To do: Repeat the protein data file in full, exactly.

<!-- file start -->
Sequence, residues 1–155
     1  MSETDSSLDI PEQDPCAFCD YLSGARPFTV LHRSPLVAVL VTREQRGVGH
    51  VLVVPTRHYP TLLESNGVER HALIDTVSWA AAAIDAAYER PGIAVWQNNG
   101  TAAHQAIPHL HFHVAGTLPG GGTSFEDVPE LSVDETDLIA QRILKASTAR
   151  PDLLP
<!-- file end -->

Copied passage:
Sequence, residues 1–155
     1  MSETDSSLDI PEQDPCAFCD YLSGARPFTV LHRSPLVAVL VTREQRGVGH
    51  VLVVPTRHYP TLLESNGVER HALIDTVSWA AAAIDAAYER PGIAVWQNNG
   101  TAAHQAIPHL HFHVAGTLPG GGTSFEDVPE LSVDETDLIA QRILKASTAR
   151  PDLLP